I call it “quantum consciousness”: the consciousness we access when we use the potential of our quantum-computer brains. The brain is a macroscopic quantum system, yet we use it as if it were exclusively a classical biochemical system. With its quantum-system functions, our brain can receive information not only from our eyes and ears, but directly from the wider world with which we are “entangled”–nonlocally connected. Insightful people throughout history, whether shamans or scientists, poets or prophets, have extensively used this capacity, innate to all human beings. Today it is widely neglected. This impoverishes our world picture, and causes a nagging sense that we are separate from the world around us.

I believe that quantum consciousness could be the next stage in the evolution of our consciousness–and that this evolution could be our salvation. Let me explain.

The first thing I ask you to note is that human consciousness is not static, fixed once and for all. It’s the product of a long evolutionary development, and is capable of further development. In the 50 thousand–year history of the species we proudly call homo sapien, the human body didn’t change significantly, but human consciousness did. And it can change again.

In a variety of “alternative cultures,” a new consciousness is already emerging. The members of these cultures–the green movement, the peace movement, the sustainable living movement, the movement of cultural creatives, and others–share similar social values and are open and interactive with the larger society; they don’t seek isolation or indulge in promiscuous sex.

They aim to rethink accepted beliefs and values, and adopt a more responsible style of living. They shift from matter- and energy-wasteful ostentation toward voluntary simplicity and the search for sustainability and harmony with nature.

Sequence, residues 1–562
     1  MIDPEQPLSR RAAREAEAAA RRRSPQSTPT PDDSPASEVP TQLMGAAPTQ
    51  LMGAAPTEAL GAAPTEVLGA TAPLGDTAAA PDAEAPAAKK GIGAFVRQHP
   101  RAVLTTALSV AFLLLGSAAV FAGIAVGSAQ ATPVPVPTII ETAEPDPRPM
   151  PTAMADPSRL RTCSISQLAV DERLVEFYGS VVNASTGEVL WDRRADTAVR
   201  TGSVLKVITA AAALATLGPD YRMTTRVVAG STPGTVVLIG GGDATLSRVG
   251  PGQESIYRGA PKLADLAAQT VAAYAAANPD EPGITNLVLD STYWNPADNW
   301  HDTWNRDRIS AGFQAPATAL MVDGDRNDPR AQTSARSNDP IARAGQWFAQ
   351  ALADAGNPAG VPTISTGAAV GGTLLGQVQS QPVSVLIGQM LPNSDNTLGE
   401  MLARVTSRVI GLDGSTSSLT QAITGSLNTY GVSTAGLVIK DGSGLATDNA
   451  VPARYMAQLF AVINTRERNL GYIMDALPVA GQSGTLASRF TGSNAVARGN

A new consciousness is now struggling to be born. Does this mean that the consciousness of humanity itself is evolving? Some famous thinkers have said so. The Indian sage Sri Aurobindo spoke of the emergence of superconsciousness in ever more people, and this, he said, is the harbinger of the next evolution of human consciousness. In a similar vein, the Swiss philosopher Jean Gebser spoke of the coming of four-dimensional integral consciousness, rising from the prior stages of archaic, magical and mythical consciousness. The Canadian mystic Richard Bucke called the new consciousness “cosmic,” and in the colorful spiral dynamics developed by Chris Cowan and Don Beck, it’s the turquoise stage of collective individualism, cosmic spirituality and Earth changes. For philosopher Ken Wilber, these developments signify an evolutionary transition from the mental consciousness characteristic of both animals and humans, to subtle consciousness, which is archetypal, transindividual and intuitive, to causal consciousness, and then, ultimately, to “consciousness as such.”